We also liked it when the campers arrived in the Hookey’s fields. Boys’ school camps were our favourites. We got to know one or two boys quite well – not on the same terms as today I might add! Other summer pursuits included sitting on the grass verge on the Military Road, taking down car registration numbers and taking tea to the harvest fields, honey or jam sandwiches – can you imagine that in high summer!  We’d make a den in the brambles to hide in, only for it to be ransacked by Anne’s brother David and Robin Shepheard. We got stuck up trees and I cut my foot paddling in the stream so we had to send for Dad to help.  He was busy and not amused. One evening Anne and I ventured up to her father’s barn along the Military Road with two boys, formerly from Portsmouth Boys’ School camp. We knew one of them from previous years. They walked us home in the dark and Dad was standing by the front gate awaiting me!  ‘Indoors now!’ he shouted.  I ran up the lane, indoors, past Mum and upstairs, into bed and under the covers quick sharp.  There was no repeat performance!

I belonged to the church choir and we had a good view of the comings and goings in the congregation.  We swooned when Geoff Mariner brought his mother into church; he had film star good looks, so handsome.  We did actions to the words of hymns and made things from hankies during the sermon.  Mum would glare at us through her mirror above the organ.

Life on an estate, owned by the rich, was very much a case of ‘them’ and ‘us.’  I did not doff my cap or treat ‘them’ any differently.  Rebellious or what!  All the families worked hard to earn a living and when the Estate was sold off most were able to buy their own properties.  My naive thoughts back then were that if they were Conservatives I didn’t want to be one.  Funny how life turns out!  I remember one evening, after the shop was closed, Lord Sherwood walked straight in through our back door, and I was having my bath in the tin bath in the kitchen.  As he started to enter the kitchen Dad jumped up from his chair in the living room and said ‘You can’t go in there my daughter is having a bath’.  He only wanted a refill for his soda siphon.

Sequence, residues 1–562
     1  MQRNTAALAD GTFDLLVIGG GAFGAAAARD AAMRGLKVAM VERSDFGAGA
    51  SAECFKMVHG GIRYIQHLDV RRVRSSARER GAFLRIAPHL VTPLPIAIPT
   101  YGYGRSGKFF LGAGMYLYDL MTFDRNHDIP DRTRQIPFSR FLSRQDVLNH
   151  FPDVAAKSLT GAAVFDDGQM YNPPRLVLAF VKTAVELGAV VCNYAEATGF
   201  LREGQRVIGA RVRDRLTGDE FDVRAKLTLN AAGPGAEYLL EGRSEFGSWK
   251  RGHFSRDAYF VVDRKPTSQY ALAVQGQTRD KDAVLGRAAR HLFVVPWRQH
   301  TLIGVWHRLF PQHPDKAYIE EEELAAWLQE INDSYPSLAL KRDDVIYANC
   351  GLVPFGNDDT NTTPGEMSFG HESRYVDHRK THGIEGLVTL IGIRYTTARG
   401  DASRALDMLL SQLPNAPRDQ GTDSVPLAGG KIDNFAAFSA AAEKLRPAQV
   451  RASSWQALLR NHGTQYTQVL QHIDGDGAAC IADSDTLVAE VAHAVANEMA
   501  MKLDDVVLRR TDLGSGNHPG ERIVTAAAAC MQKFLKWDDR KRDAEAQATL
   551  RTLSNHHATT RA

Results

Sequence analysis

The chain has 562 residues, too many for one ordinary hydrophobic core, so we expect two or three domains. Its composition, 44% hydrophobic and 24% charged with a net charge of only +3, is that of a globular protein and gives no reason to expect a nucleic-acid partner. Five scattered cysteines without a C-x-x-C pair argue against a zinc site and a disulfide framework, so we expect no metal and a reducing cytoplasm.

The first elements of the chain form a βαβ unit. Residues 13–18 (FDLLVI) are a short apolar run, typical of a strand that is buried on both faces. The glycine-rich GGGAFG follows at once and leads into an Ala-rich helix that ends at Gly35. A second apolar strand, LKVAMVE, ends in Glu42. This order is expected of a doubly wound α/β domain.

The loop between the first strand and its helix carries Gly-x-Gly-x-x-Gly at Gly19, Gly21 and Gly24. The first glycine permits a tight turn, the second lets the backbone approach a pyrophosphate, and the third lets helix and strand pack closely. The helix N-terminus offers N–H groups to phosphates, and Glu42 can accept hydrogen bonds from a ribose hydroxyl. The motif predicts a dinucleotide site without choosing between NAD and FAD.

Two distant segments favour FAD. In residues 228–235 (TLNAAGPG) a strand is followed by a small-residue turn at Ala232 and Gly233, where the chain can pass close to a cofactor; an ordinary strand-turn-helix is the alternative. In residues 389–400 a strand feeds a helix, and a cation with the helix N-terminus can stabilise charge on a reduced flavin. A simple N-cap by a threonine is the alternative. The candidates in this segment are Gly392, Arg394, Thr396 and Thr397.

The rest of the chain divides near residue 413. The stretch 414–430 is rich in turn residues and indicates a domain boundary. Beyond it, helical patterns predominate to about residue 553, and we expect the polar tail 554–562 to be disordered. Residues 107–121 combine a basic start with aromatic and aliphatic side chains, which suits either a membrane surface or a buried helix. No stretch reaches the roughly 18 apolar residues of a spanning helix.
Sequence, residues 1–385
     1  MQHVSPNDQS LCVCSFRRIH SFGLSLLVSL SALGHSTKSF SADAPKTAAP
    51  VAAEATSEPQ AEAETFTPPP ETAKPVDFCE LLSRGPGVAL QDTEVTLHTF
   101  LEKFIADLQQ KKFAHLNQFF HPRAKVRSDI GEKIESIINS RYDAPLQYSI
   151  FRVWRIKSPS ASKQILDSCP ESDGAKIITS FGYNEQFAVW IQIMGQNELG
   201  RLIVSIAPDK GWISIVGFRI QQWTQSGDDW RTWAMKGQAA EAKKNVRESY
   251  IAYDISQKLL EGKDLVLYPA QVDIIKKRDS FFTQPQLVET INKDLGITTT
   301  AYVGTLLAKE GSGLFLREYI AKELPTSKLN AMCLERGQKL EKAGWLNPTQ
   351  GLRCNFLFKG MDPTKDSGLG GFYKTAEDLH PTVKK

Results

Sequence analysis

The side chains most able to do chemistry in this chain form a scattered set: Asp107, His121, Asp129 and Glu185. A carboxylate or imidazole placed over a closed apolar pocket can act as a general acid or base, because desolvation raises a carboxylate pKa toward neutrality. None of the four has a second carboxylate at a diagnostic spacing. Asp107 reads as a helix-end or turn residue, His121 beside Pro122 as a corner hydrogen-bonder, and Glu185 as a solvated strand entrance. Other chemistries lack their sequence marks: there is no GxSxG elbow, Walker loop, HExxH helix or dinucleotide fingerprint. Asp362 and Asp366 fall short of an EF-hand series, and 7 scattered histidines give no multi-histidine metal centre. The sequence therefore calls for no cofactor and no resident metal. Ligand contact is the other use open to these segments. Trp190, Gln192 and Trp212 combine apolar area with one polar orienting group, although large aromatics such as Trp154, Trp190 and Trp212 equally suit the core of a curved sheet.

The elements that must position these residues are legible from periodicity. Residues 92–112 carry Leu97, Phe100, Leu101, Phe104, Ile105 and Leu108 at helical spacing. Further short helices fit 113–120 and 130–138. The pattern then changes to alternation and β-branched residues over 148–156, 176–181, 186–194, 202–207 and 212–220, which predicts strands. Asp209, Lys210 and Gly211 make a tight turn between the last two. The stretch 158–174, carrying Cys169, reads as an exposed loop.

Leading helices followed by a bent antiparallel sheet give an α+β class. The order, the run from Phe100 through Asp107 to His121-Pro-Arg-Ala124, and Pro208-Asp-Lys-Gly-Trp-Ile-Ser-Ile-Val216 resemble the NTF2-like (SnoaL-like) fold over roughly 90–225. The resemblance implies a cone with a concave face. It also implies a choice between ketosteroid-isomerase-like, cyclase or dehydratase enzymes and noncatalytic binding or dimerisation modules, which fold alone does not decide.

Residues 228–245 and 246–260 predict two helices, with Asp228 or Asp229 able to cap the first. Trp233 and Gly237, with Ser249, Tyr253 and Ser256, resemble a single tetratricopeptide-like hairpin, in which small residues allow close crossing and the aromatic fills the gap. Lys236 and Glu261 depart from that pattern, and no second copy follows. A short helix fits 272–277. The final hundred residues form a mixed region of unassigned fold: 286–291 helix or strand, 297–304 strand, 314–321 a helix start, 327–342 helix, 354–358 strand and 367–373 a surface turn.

Avice French came to live in the village in 1949 and we soon became good friends.  We were in the Girl Guides and would cycle to and from the meetings at Brighstone, often cycling home in the dark.  The bonus of attending these meetings was the fact that the Boy Scout meetings followed the Guides.  

I was very much a country bumpkin. I knew nothing about clothes and on one occasion went to Freshwater with my friend Beryl Humber from Mottistone, trying to impress the boys. I put on a pair of nylons but had nothing to keep them up, so used safety pins.  What a disaster that was! When I left school I went to the Technical College in Newport to learn shorthand and typing.  I turned up in white socks and wore a bottle green hand-knitted cardigan. I felt so out of place with girls from Ryde, Sandown and Shanklin who had bags of knowledge of the fashion scene!

Dad took me to Whiston’s Cycle Shop in Newport and we bought a bike, a drop-handled racing bike no less.  I thought I was made. On Easter Saturday I was cycling to Freshwater when I came off in the gravel on Compton Farm bends.  I was picked up by Den Phillips – wow - how handsome he was. Some girls get all the luck, except I had dislocated my shoulder and severed a nerve. Once again, Dad was busy and had to take me to St Mary’s.  I spent several weeks in a metal contraption to keep the arm elevated so that the nerve would mend. Once a rebel, always a rebel!

Once I left college I commenced work as a Junior Shorthand Typist for a Newport firm of chartered accountants. My wage was £2.5s and the bus fare was £1.10s per week. My parents loaned me the deposit to buy a Vespa 125 from Borough Hall Motors. I paid £1 per week in hire purchase. Dad drove it home from Newport for me and I learned to ride on the Military Road, frightened to change gear as Dad warned me it was a bit fierce. Once I had mastered it there was no stopping me! I don’t recall ever paying the deposit back. Petrol and a shot of Redex was around 7s 6p and lasted for ages – I was quids in and free to go where I liked.

As I write this I learn of the sad and untimely death of David Hookey, aged 61. I have just returned from attending David’s funeral and have never seen Brook Church so packed, with mourners sitting in the choir stalls and on the altar steps.  Brook will not be the same without him.